Faig Ahmed: Source Code
curated by Nina Levent
November 17, 2016 - January 25, 2017
Faig Ahmed, a student of modern and ancient languages, including Sanskrit and Arabic, was interested in the origin of languages and human writing long before he became interested in carpets. It was his study of pre-historic petroglyphs that led to his fascination with the language of carpet patterns. Ahmed re-imagines carpets as a source code for visual communication, writing, design, art and even science.
During the past decade, Ahmed has become internationally known for re-interpreting the coded messages in ancient carpet designs. His artwork speaks about the unconscious power of the visual language of patterns that communicates messages through generations and cultures, and links early human history with the digital age. By disrupting and re-imagining the visual code and structure of the rugs that were developed over the centuries in Caucasus, Turkey, Persia and India, Ahmed suggests new ideas about the nature of reality and the limits of human perception.
Flow, change, constant transformation, disappearance and disintegration are reoccurring themes in Ahmed’s works: The visual impact of many of his works is in the tension between the stability of traditional carpet designs and the rigidity of our perception of carpets and the artists intention of capturing a fleeting, unstable phenomena. His Door series, which plays with an endless row of disappearing frames, was inspired by the Buddhist mandala practice and is an attempt to create an illusion of impermanence in textile design. His Epiphany, a carpet that is torn violently so that we see gaping holes, is a reference to a moment of insight, a sudden gap in perception. The dramatic impact of the work is that this lofty modern concept was executed on a traditional loom in a remote village outside of Baku using an age-old weaving technique. Fuel, a new work of the artist, creates the illusion of a black substance pouring over an intricate carpet, dripping down the wall and spilling into a puddle on the floor. The work references the role of the oil in the region as it is responsible for both renaissance and destruction.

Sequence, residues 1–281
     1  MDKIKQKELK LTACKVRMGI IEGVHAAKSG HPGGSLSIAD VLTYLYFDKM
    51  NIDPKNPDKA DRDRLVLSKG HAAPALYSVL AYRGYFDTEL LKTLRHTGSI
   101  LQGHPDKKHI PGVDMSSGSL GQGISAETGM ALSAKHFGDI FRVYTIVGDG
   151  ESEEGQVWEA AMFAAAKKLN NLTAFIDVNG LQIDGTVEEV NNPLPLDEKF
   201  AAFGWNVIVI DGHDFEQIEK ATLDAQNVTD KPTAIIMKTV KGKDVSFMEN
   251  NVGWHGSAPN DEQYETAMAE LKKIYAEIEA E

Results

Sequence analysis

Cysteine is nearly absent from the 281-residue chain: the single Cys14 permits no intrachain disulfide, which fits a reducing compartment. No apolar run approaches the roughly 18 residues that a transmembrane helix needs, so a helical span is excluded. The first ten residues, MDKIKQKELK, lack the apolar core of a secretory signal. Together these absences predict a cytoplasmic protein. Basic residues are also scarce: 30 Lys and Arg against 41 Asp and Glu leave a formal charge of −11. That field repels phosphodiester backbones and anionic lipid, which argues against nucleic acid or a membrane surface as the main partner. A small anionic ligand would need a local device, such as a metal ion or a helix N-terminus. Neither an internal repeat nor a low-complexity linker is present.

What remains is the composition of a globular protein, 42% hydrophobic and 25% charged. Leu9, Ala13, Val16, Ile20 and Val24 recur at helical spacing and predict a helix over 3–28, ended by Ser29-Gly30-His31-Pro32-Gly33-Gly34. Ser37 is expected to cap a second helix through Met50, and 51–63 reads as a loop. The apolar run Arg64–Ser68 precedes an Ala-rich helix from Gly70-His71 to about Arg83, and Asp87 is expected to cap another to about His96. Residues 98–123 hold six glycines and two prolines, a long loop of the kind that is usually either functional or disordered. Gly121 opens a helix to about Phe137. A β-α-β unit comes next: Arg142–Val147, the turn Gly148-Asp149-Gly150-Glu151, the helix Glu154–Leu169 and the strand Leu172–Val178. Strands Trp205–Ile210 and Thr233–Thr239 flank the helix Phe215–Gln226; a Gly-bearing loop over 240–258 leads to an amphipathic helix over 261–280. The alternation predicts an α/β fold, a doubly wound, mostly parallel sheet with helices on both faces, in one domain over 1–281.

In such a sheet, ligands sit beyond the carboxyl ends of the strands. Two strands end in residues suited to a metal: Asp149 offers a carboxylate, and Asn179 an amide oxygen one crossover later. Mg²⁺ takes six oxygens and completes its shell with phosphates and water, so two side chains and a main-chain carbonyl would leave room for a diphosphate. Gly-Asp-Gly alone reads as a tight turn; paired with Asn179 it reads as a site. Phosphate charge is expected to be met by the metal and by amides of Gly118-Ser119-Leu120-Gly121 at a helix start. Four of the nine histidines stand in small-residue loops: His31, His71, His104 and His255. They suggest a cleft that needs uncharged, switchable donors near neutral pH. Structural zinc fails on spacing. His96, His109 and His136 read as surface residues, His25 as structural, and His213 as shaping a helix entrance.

A strong theme in the artist’s new creations evolved from his fascination with genetic research, quantum physics and the science of small particles. Works such as Coherence, Wave Function and DNA are inspired by scientific attempts to describe metaphysical phenomena. Coherence, the largest and the only perfectly symmetrical carpet in the show, is Ahmed’s meditation on the impossibility of symmetry in nature, our perception of symmetry against a largely chaotic universe, our attempts to describe symmetry scientifically and metaphorically.
The exhibit also features Ahmed’s reinterpretation of a dragon carpet from the collection of the Metropolitan Museum of Art. Ahmed is fascinated with a mystical winged and fire-breathing dragon, a design that traveled from China to the border between Asia and Europe, which runs through Ahmed’s home country,; it evolved into an abstracted pattern, almost a sign. The artist fills the carpet with red referencing the fire origin of the dragon and adds, in bold graffiti style, the words of Rumi, a 13th-century poet and Sufi mystic: “Set your life on fire.” This is one of a number of works that deal directly with language. In some cases the words continue beyond the carpet engaging the walls of the gallery.
Faig Ahmed (Sumqayit, 1982) graduated from the Sculpture Department of Azerbaijan State Academy of Fine Art in 2004. He represented Azerbaijan at the nation’s inaugural pavilion at the Venice Biennale in 2007 and again in 2013. The artist was nominated for the Jameel Prize 3 at Victoria and Albert Museum. His works are in public collections including Los Angeles County Museum, Seattle Art Museum, and Palm Springs Museum of Art. This year Ahmed’s works have been featured in several important museum group shows including shows at the Museum of Fine Art Boston, Bellevue Art Museum, Museum of Contemporary Art, Cleveland, Milwaukee Institute of Art & Design, and Museum of Old and New Art, Tasmania.